Stealing is wrong. But is this word?

Question today for the readers: Is the verb  gyp -- meaning to cheat, defraud or swindle -- offensive?

Read on and share your thoughts in the comments.

I was out with some friends last night, and one of them said something about getting gypped. Another said he shouldn't say that because it is an ethnic slur. He said "Oh yeah, I forgot" and that was that.

But I kept thinking about it. I'd also forgotten that there was a question of gyp's offensiveness. I was talking to my wife about it on the ride home, and I couldn't decide if it was a word worth fighting over, or even if it really was offensive.

I went through five or six dictionaries this morning, and all of them say that gyp is "probably" or "perhaps" short for Gypsy, and a few date it as a late 19th century Americanism. (An older use of gyp, dating to the mid 18th century in England, was for a college servant.) Gypsies are an ethnic group, not just a lifestyle as some think. (UPDATE: As Cherie B points out in the comments, Gypsies refer to themselves as the Romany, something I knew but forgot. I've changed later references in this post to reflect that.)

But is gyp offensive because of its probable origin? It's a tough question, especially because there is another word that has the same meaning that is unquestionably offensive: jew. As in "he got jewed" or "to jew someone down." When I as in college, there was once a pretty intense confrontation over this when someone used jew this way during a discussion in one of my classes.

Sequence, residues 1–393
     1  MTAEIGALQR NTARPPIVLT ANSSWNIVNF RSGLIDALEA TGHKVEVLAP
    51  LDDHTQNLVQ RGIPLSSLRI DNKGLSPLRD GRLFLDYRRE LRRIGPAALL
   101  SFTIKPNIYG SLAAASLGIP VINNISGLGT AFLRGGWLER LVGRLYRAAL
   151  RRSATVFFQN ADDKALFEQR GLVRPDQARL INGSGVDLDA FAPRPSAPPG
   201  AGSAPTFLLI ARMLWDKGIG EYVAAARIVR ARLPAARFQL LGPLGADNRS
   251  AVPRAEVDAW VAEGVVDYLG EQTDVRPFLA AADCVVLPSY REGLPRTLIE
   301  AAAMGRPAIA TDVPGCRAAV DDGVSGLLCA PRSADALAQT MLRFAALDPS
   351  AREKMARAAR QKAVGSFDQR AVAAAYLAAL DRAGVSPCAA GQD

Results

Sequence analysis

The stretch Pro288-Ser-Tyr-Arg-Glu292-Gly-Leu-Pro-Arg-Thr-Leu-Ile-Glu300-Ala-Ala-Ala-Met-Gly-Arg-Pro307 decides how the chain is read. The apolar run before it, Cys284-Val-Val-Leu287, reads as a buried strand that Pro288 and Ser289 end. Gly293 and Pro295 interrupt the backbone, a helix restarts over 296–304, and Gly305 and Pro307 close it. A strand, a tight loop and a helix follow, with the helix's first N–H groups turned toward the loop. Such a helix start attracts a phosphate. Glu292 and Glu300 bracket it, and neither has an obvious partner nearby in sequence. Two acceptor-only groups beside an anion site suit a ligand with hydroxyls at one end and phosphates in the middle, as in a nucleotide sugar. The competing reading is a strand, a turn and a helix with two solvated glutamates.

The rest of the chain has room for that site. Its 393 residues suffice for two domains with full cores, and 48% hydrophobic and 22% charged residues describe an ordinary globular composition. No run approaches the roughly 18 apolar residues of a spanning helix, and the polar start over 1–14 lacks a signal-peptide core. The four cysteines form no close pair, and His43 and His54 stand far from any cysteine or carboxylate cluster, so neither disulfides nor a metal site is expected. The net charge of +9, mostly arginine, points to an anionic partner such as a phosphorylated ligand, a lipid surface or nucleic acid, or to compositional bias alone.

Interestingly, the Webster's New World College Dictionary gives the definition of  jew as a verb as: "to swindle; cheat; gyp." It then notes that using jew as a verb this way "is a vulgar and offensive usage, even when the speaker or writer is not consciously expressing an antisemitic attitude." All of the standard dictionaries that have an entry on jew as a verb have similar notes that say it is offensive; none of them say anything about gyp.

Merriam-Webster's Dictionary of English Usage also warns against using jew as a verb, but does have an entry on gyp:

For some time there has been a tendency to call attention to oneself or one's group by taking public umbrage at some term or another as an ethnic slur. The verb gyp, reports Safire in 1986, is one of those words. Gyp, which means "to cheat or swindle," is probably derived from a noun that is probably short for Gypsy. This is a fairly remote derivation to take offense at, and we have no evidence that gyp is ever used in an ethnically derogatory way. But since a few have taken offense, it is likely that others will follow. You should at least be aware that the issue has been raised and that sensitivities are now keener in this area than perhaps they were formerly. The verb, incidentally, is an Americanism of late 19th century origin.

So MWDEU doesn't like political correctness. Leaving that argument aside, the tone of the entry is fairly condescending. You could replace the word gyp with the word jew in it and make mostly the same argument (it's derived from a noun that is short for Jewish person), with one key exception. There is plenty of evidence that jew is used in an ethnically derogatory way. I don't think people in the U.S. ever think of Romany when they say gyp.

But does that make it OK? Is gyp not thought of as offensive because there just aren't many Romany in America, or if there are, because they are mostly invisible? (Remember, this is an Americanism.) After writing all of this, I think I'd lean toward being careful about using gyp or not using it at all. It's a word that equates a group of people with stealing as much as jew does. I don't think I'd like it if it "to get irished" meant to get drunk. And I think it's hard to make the argument against jew as a verb on the one hand and for gyp as a verb on the other.

What do you think?